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The Little Gods

The sect of the "little gods," or _bojki_, was founded about 1880 by a
peasant named Sava. Highly impressionable by nature, and influenced by
the activities of at least a dozen different sects that flourished in
his native village (Derabovka, near Volsk), Sava ended by believing
himself to be God.

Though naturally aggressive, and of an irascible temperament, he soon
became as serious as a philosopher and as gentle as a lamb. His
intelligence seemed to increase visibly. He discoursed like a man
inspired, and said to the inhabitants of Derabovka:--

"If there be a God in Heaven, there must also be one on earth. And why
not? Is not the earth a creation of Heaven, and must it not resemble
that which created it? . . . Where then is this earthly God to be
found? Where is the Virgin Mary? Where are the twelve apostles?"

The dreamer wandered about the village, uttering his thoughts aloud.
At first men shrugged their shoulders at his strange questions. But he
continued to hold forth, and in the end the peasants gathered round him.

It was the sweetest moment of his life when the villagers of Derabovka
at last found the deity who had been sought so eagerly. For whom could
it be, if not Sava himself? . . . Thus Sava proclaimed himself God;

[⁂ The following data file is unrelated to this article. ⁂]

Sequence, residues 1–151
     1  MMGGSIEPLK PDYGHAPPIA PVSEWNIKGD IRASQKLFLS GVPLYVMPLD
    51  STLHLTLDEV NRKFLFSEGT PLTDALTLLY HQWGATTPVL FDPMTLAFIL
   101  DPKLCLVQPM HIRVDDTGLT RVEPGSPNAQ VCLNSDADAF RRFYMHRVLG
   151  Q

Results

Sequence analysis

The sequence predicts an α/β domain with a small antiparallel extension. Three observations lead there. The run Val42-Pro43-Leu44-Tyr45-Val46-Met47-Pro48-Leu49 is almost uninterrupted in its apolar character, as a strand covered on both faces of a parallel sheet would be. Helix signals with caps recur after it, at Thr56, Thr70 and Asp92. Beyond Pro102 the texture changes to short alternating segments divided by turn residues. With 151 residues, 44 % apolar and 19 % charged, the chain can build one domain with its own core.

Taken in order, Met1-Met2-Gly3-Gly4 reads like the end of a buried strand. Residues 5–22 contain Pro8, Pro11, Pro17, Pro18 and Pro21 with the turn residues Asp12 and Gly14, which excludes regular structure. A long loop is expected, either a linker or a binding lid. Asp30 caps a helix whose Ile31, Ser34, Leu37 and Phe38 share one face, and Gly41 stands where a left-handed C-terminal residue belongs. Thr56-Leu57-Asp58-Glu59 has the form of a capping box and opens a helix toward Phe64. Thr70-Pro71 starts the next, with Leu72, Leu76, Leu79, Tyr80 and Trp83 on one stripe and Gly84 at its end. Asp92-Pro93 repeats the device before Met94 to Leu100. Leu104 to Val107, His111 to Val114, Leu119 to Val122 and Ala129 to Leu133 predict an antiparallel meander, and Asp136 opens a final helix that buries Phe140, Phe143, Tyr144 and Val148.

gave to his kinsman Samouil the name of Saviour; to a peasant-woman of
a neighbouring village that of the Virgin Mary; and chose the twelve
Apostles and the Holy Ghost from among his acquaintance. The
nomination of the latter presented, however, some difficulties. The
Holy Ghost, argued the peasants, had appeared to Jesus by the river
Jordan in the form of a dove, and how could one represent it by a man?
They refused to do so, and decided that in future all birds of the dove
species should be the Holy Ghost.

The authorities began to seek out the "gods," as they were called
locally. Samouil was arrested and charged with being a false Saviour,
but defended himself with such child-like candour that the tribunal was
baffled. The movement therefore continued, and was indeed of a wholly
innocent nature, not in any way menacing the security of the
government, and filling with rapture all Sava's followers.

It was the custom of the "little gods" to gather in some forest, and
there to hide the "Virgin Mary" in a leafy glade, and await her
"apparition." Sava himself, and Samouil, the "Saviour," would be
concealed close at hand, and she would emerge from her hiding-place in
their company. The lookers-on then gave vent to loud cries of joy, and
all united in glorifying the goodness of Heaven. The "Virgin" wore on
these occasions a rich and beautiful robe in which all the colours of
the rainbow were blended. The company would gather round her, while
the "Apostles" reverently kissed her feet. Sacred hymns were then
sung, and the worshippers dispersed filled with unbounded ecstasy.

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